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Scholars Journal of Medical Case Reports | Volume-2 | Issue-07
Congenital Rubella Syndrome with Basal ganglia calcification and Bilateral Nuclear Cataracts in a Neonate: A Rare Entity
Jillalla Narsing Rao, Swathi Chacham, U. Narayan Reddy, Jakkampudi Nagasravani, Naila mazher, Syed Taha Mustafa
Published: July 29, 2014 | 103 57
DOI: 10.36347/sjmcr.2014.v02i07.015
Pages: 470-472
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Abstract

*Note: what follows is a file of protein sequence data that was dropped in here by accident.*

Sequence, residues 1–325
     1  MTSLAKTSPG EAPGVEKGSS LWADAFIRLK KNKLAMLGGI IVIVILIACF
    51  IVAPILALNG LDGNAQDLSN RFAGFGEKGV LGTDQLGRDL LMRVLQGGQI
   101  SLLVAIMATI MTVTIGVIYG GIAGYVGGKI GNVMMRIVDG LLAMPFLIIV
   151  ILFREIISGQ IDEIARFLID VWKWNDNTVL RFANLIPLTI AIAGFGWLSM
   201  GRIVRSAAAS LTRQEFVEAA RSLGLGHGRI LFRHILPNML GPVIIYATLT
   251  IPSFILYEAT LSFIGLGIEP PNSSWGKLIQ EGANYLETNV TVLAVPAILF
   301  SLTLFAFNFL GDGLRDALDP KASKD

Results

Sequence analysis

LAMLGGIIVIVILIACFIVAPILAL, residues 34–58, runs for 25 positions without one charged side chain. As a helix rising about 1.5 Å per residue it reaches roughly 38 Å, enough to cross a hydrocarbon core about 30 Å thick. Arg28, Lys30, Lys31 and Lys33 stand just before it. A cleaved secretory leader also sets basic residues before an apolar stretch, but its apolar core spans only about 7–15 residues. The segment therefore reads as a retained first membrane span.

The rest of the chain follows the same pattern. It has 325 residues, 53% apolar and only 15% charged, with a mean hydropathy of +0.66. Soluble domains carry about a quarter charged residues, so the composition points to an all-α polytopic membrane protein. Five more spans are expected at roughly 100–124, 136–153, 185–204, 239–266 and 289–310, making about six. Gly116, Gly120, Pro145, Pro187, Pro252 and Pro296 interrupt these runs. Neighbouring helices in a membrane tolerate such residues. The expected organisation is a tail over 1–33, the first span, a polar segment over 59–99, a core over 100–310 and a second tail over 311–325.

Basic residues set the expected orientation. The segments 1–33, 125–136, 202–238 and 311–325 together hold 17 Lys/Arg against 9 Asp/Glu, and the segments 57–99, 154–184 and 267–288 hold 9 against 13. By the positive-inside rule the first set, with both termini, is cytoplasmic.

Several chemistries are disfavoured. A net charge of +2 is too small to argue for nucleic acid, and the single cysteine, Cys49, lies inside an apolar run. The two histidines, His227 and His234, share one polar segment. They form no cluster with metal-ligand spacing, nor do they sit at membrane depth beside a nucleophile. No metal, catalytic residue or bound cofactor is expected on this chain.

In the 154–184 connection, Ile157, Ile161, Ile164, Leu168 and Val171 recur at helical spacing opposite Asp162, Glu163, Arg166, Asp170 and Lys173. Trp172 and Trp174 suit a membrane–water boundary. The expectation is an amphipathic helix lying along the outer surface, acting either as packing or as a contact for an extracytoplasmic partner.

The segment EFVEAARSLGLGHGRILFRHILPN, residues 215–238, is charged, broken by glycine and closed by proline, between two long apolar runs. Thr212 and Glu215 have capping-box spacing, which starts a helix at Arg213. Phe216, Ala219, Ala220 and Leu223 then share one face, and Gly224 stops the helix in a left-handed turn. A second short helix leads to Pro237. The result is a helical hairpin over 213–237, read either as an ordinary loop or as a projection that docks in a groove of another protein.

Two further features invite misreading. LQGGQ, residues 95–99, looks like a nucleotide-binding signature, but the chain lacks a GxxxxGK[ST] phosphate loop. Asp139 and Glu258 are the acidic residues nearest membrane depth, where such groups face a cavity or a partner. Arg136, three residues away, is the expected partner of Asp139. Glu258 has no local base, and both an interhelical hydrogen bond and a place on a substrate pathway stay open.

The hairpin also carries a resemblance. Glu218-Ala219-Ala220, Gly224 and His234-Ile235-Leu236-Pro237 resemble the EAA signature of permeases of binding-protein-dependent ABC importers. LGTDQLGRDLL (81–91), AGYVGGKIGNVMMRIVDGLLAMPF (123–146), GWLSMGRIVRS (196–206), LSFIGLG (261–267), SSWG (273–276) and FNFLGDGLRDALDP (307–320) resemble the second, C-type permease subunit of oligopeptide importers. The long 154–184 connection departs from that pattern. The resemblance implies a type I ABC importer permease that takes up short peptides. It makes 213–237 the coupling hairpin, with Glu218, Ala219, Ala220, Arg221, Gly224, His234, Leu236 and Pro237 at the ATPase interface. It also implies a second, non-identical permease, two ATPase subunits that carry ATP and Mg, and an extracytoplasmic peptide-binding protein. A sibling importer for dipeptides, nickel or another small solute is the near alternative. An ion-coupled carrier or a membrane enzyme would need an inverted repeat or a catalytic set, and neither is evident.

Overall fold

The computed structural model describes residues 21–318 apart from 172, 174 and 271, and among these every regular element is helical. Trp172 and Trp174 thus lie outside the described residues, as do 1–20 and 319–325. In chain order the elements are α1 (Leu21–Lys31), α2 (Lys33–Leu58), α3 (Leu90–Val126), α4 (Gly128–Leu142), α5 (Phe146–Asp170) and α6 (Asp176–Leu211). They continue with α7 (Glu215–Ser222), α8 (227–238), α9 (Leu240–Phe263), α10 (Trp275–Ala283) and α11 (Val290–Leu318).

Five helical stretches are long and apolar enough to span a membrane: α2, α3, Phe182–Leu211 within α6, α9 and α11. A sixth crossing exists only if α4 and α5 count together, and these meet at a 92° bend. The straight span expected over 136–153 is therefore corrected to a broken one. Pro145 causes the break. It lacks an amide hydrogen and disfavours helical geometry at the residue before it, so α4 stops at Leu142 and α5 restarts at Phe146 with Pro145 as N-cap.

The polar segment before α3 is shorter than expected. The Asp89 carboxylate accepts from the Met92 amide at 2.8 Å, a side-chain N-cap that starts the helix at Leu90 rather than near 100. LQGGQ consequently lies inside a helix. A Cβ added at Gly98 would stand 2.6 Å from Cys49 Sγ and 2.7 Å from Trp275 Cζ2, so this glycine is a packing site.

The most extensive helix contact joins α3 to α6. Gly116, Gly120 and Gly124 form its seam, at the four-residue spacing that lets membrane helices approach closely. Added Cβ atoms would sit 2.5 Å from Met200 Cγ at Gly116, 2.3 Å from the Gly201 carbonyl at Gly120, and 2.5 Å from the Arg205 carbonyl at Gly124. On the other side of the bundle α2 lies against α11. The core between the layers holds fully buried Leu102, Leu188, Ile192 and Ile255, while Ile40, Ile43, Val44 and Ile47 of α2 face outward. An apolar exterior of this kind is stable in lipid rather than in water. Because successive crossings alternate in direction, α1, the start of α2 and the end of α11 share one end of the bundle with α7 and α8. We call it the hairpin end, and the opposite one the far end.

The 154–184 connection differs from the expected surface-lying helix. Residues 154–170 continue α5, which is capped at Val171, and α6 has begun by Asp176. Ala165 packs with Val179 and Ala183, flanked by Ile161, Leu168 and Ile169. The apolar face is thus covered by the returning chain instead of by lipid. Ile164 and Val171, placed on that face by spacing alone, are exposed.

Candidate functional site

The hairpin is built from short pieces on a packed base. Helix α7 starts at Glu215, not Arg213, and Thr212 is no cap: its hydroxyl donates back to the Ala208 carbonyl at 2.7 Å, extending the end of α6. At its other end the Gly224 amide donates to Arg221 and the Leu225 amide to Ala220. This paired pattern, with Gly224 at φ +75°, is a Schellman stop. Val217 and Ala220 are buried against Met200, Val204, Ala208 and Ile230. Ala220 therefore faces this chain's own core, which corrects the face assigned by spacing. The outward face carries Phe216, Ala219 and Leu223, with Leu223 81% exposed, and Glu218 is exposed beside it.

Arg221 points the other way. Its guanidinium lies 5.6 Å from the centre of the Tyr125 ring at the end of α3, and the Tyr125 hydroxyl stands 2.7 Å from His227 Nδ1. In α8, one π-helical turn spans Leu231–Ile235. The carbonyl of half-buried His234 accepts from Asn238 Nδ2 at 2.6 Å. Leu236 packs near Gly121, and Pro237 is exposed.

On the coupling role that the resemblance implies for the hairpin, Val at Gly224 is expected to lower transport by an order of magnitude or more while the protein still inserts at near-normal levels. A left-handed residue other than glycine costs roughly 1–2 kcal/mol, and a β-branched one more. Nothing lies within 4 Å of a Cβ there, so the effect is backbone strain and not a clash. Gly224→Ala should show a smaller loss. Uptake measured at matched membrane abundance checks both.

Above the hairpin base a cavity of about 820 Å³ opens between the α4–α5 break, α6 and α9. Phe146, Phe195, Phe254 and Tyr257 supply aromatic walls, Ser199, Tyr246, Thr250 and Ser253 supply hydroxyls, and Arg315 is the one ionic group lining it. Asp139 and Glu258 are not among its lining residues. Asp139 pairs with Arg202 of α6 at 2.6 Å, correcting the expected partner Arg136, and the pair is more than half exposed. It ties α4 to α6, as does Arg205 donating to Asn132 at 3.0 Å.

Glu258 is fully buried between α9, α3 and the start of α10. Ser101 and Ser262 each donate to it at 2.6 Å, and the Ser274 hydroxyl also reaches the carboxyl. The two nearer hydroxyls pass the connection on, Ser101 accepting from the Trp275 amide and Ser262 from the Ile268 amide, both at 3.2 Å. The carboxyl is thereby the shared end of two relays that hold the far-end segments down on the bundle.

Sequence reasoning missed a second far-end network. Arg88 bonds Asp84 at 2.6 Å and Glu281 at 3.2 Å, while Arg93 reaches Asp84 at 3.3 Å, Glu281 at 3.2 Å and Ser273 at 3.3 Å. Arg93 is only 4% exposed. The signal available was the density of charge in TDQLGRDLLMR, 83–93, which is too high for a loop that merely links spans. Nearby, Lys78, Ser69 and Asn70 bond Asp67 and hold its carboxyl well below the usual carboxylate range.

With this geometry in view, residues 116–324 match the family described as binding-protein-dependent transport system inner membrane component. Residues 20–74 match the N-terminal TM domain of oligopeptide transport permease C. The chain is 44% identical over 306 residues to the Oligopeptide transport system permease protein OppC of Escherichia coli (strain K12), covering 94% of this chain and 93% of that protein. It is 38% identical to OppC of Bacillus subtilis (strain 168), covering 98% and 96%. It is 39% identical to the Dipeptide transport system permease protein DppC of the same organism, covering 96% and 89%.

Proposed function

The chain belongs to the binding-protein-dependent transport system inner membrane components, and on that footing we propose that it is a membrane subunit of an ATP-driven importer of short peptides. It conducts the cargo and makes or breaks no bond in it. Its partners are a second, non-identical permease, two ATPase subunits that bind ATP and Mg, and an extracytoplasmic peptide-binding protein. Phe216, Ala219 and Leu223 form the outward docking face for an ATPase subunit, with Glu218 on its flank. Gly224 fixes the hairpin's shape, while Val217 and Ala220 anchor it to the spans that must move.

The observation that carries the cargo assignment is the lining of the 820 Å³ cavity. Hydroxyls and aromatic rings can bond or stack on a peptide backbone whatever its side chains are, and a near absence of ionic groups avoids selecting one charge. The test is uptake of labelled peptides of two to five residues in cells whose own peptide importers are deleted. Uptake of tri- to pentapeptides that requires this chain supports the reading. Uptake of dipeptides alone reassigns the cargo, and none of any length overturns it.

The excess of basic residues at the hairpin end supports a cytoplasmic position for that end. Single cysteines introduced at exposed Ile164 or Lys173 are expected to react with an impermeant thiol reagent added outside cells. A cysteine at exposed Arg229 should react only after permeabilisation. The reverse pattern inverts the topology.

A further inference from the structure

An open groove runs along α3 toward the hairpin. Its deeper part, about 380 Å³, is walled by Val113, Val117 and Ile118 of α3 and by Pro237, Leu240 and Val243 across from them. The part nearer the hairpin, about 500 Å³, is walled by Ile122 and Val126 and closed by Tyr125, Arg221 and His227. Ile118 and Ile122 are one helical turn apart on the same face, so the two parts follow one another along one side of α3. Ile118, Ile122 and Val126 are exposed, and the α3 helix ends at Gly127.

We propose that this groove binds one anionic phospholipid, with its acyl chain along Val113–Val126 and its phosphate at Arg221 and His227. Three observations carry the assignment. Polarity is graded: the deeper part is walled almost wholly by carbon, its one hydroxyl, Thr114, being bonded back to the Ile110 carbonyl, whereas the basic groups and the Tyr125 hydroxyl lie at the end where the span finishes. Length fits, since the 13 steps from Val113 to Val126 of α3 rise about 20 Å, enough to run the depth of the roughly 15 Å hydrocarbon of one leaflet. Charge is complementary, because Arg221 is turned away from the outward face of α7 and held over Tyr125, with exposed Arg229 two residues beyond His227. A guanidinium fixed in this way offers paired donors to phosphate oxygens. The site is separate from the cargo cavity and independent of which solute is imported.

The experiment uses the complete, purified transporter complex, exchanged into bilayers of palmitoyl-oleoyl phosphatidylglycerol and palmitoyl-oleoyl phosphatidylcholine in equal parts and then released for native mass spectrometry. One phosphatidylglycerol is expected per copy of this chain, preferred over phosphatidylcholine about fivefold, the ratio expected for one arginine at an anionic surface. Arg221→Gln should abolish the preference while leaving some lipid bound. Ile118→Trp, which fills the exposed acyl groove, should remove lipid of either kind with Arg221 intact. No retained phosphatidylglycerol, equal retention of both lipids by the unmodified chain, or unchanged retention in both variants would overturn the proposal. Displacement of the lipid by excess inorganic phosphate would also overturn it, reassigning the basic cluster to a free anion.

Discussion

In-utero transmission of rubella virus during pregnancy leads to congenital Rubella syndrome (CRS), which is characterized by cataracts, deafness and sensorineural hearing loss. While the nuclear cataract is the most frequently occurring abnormality, basal ganglia calcification is a rarer manifestation. The Risk of fetal transmission of rubella virus is highest during the first 12 weeks of gestation and decreases afterwards. A 36weeks, 2600grams male neonate was born by vaginal delivery with normal APGARS. The neonate was admitted on third day of life with complaints of yellowish discoloration of the skin and sclera. On examination, the neonate had mild hypotonia, icterus up to the legs and systolic murmur on cardiac examination. Interestingly, the ophthalmological examination revealed bilateral nuclear cataracts. Chest radiograph showed cardiomegaly and ECHO revealed PDA (Patent Ductus Arteriosus). Hence, CRS was suspected and further evaluation was done. There was thrombocytopenia, mild unconjugated hyperbilirubinemia with mild elevation of transaminases. Another rare finding was basal ganglia calcification on neurosonogram. TORCH profile in both mother and baby showed elevated rubella IgM levels confirming CRS. The neonate received supportive and symptomatic treatment. We report a preterm, male appropriate for gestational age neonate with congenital rubella syndrome and its rare manifestation of basal ganglia calcification.